Dogs May Recognize Human Emotion by Listening and Watching
Dogs may actually be able to recognize human emotions. Scientists have found that man's best friend can recognize emotions by combining information from different senses.
In this latest study, the researchers presented 17 domestic dogs with pairings of images and sounds conveying different combinations of positive and negative emotional expressions in both humans and dogs. These distinct sources of sensory input, which included photos of facial expressions and audio clips of vocalizations from unfamiliar subjects, were played simultaneously to the animals without any prior training.
The dogs spent significantly longer looking at the facial expressions which matched the emotional state of the vocalization for both human and canine subjects. The integration of different types of sensory information in this way indicates that dogs have mental representations of positive and negative emotional states of others.
"Previous studies have indicated that dogs can differentiate between human emotions from cues such as facial expressions, but this is not the same as emotional recognition," said Kun Guo, one of the researchers, in a news release. "Our study shows that dogs have the ability to integrate two different sources of sensory information into a coherent perception of emotion in both humans and dogs. To do so requires a system of internal categorization of emotional states. This cognitive ability has until now only been evidenced in primates and the capacity to do this across species only seen in humans."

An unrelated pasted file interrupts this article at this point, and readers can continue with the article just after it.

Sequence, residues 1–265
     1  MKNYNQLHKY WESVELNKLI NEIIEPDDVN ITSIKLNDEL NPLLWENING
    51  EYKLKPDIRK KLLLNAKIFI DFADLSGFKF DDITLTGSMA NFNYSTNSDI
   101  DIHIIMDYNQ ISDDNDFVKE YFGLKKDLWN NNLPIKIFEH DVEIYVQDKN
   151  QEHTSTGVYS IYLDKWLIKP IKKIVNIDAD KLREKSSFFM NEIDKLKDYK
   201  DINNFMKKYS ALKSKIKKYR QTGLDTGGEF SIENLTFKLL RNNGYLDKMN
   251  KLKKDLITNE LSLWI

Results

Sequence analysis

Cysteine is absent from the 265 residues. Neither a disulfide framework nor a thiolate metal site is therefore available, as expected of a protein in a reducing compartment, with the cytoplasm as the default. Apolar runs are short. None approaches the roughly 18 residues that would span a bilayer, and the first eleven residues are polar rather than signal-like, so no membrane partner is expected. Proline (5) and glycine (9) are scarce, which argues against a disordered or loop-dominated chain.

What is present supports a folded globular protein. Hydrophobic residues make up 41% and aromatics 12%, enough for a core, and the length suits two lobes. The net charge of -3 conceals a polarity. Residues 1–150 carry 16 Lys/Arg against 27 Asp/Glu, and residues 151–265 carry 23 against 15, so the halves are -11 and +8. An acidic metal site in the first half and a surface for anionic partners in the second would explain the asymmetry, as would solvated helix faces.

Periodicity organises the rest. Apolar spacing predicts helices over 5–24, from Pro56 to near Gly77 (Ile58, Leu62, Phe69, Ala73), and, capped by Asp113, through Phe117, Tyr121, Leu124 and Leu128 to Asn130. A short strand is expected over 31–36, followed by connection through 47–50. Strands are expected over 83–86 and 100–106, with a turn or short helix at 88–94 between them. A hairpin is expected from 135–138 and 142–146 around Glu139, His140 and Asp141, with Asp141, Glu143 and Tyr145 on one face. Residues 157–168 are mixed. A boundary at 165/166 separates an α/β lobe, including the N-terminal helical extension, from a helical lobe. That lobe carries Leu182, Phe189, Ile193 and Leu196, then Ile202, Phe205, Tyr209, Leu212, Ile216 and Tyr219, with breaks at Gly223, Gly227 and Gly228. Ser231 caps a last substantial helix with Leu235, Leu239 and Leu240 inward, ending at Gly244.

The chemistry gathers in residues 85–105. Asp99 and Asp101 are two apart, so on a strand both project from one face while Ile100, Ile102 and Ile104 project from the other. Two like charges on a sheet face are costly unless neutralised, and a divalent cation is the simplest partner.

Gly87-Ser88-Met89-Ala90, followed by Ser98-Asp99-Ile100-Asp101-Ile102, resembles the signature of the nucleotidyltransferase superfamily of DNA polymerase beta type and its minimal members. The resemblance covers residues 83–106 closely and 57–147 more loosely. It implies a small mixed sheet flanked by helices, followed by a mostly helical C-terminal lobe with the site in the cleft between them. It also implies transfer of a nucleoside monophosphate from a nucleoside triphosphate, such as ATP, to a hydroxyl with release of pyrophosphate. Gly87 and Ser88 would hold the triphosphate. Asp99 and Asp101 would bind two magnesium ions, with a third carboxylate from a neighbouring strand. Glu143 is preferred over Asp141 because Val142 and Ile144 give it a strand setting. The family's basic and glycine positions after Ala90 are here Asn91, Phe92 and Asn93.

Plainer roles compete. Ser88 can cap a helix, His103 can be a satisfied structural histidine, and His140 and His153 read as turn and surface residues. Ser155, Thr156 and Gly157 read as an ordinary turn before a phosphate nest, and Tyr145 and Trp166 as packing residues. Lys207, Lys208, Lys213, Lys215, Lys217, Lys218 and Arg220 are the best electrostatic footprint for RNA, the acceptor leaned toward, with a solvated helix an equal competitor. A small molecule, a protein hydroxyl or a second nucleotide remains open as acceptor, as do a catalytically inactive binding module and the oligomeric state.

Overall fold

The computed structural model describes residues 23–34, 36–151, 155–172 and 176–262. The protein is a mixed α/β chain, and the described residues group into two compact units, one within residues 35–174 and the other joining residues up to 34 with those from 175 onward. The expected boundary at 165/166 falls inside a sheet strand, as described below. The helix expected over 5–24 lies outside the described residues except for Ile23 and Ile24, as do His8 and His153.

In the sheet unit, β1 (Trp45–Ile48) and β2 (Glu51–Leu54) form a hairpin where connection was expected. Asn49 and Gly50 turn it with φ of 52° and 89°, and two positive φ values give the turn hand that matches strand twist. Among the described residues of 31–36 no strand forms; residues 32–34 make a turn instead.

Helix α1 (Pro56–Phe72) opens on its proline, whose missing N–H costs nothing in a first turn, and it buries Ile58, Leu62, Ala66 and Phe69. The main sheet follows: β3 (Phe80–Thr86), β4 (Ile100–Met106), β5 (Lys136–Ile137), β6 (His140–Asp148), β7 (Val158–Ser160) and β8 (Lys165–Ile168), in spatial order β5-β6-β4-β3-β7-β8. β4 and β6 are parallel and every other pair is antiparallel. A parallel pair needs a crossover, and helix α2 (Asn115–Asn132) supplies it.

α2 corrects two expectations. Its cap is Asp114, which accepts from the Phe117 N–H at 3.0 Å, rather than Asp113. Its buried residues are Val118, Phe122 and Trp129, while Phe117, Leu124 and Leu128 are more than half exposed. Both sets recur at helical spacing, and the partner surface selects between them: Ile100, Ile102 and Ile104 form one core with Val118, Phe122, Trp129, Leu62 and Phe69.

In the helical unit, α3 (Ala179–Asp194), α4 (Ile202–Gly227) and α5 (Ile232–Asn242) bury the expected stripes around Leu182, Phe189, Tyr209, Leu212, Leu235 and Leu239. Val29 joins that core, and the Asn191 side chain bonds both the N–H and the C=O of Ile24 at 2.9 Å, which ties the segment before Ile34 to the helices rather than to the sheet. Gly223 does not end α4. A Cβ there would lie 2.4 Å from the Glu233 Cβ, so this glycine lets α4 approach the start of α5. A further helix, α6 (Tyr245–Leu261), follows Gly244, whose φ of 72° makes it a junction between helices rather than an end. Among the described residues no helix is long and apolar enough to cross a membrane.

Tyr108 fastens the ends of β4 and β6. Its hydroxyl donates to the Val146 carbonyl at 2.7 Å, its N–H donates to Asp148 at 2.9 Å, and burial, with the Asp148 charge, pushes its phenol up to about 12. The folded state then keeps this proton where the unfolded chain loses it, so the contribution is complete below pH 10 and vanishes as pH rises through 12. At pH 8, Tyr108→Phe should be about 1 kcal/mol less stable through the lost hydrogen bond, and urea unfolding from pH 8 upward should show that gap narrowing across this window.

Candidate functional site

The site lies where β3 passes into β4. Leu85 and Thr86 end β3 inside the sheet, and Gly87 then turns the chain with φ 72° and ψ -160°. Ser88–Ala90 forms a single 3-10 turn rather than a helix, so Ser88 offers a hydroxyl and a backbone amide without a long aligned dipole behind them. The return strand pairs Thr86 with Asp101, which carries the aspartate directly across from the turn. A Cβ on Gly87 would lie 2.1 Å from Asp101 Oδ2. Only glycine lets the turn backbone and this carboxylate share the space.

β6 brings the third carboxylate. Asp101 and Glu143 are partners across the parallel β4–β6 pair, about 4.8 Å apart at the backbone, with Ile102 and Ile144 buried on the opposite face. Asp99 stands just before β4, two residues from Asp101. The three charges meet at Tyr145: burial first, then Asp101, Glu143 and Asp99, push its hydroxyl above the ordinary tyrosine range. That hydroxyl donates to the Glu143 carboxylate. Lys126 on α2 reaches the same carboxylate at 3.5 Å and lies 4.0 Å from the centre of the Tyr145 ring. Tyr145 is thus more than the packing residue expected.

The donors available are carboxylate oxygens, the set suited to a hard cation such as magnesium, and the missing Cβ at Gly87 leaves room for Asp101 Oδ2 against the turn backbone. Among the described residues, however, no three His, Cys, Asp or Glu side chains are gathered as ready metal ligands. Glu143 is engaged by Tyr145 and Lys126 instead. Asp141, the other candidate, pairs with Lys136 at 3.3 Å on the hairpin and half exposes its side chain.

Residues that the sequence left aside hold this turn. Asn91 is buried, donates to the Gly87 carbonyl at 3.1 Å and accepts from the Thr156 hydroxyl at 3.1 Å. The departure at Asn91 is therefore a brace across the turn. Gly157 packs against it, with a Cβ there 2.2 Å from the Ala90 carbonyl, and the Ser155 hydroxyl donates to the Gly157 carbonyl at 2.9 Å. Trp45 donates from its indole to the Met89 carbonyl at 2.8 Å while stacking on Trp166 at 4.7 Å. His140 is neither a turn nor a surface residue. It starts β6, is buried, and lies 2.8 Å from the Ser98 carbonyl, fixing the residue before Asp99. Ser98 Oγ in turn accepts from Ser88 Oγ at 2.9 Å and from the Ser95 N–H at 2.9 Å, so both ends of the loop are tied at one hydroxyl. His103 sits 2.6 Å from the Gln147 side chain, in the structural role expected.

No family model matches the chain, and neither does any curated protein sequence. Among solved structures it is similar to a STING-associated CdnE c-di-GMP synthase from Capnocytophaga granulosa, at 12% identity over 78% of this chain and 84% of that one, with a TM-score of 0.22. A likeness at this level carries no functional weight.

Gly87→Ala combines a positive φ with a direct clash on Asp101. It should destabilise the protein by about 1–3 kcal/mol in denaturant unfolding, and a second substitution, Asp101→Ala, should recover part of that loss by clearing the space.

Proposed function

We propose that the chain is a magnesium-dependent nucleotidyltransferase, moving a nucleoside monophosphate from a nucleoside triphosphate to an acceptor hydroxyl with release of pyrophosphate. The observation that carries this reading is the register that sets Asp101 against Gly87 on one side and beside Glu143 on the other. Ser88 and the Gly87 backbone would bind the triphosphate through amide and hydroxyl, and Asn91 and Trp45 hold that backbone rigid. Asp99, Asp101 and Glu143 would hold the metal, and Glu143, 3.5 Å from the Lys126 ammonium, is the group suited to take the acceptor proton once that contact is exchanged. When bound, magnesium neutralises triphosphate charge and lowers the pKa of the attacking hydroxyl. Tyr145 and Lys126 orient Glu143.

The findings reveal that it's not only humans that can determine what kind of emotional state another creature is feeling. Instead, dogs also have that ability, which indicates it's a highly social species.
The findings are published in the journal Biology Letters.
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